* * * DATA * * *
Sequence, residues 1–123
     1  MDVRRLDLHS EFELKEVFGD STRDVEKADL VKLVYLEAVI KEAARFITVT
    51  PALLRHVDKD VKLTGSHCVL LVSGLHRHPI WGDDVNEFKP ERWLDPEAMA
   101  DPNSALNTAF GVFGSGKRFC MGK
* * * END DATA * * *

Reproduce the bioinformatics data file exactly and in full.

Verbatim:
Sequence, residues 1–123
     1  MDVRRLDLHS EFELKEVFGD STRDVEKADL VKLVYLEAVI KEAARFITVT
    51  PALLRHVDKD VKLTGSHCVL LVSGLHRHPI WGDDVNEFKP ERWLDPEAMA
   101  DPNSALNTAF GVFGSGKRFC MGK